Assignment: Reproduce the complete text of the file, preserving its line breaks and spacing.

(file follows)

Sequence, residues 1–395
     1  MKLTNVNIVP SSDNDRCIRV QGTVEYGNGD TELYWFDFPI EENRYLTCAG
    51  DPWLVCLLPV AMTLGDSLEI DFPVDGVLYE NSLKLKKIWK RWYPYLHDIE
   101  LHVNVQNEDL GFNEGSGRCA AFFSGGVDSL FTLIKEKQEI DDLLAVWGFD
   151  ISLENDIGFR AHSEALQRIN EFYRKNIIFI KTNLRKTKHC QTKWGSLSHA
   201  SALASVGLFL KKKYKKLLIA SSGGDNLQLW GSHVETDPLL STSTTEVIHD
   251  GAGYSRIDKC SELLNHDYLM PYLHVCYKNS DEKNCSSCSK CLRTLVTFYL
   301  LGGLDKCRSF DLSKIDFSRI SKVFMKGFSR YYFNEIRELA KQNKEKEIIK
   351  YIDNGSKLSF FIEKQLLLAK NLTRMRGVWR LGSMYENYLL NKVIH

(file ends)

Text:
Sequence, residues 1–395
     1  MKLTNVNIVP SSDNDRCIRV QGTVEYGNGD TELYWFDFPI EENRYLTCAG
    51  DPWLVCLLPV AMTLGDSLEI DFPVDGVLYE NSLKLKKIWK RWYPYLHDIE
   101  LHVNVQNEDL GFNEGSGRCA AFFSGGVDSL FTLIKEKQEI DDLLAVWGFD
   151  ISLENDIGFR AHSEALQRIN EFYRKNIIFI KTNLRKTKHC QTKWGSLSHA
   201  SALASVGLFL KKKYKKLLIA SSGGDNLQLW GSHVETDPLL STSTTEVIHD
   251  GAGYSRIDKC SELLNHDYLM PYLHVCYKNS DEKNCSSCSK CLRTLVTFYL
   301  LGGLDKCRSF DLSKIDFSRI SKVFMKGFSR YYFNEIRELA KQNKEKEIIK
   351  YIDNGSKLSF FIEKQLLLAK NLTRMRGVWR LGSMYENYLL NKVIH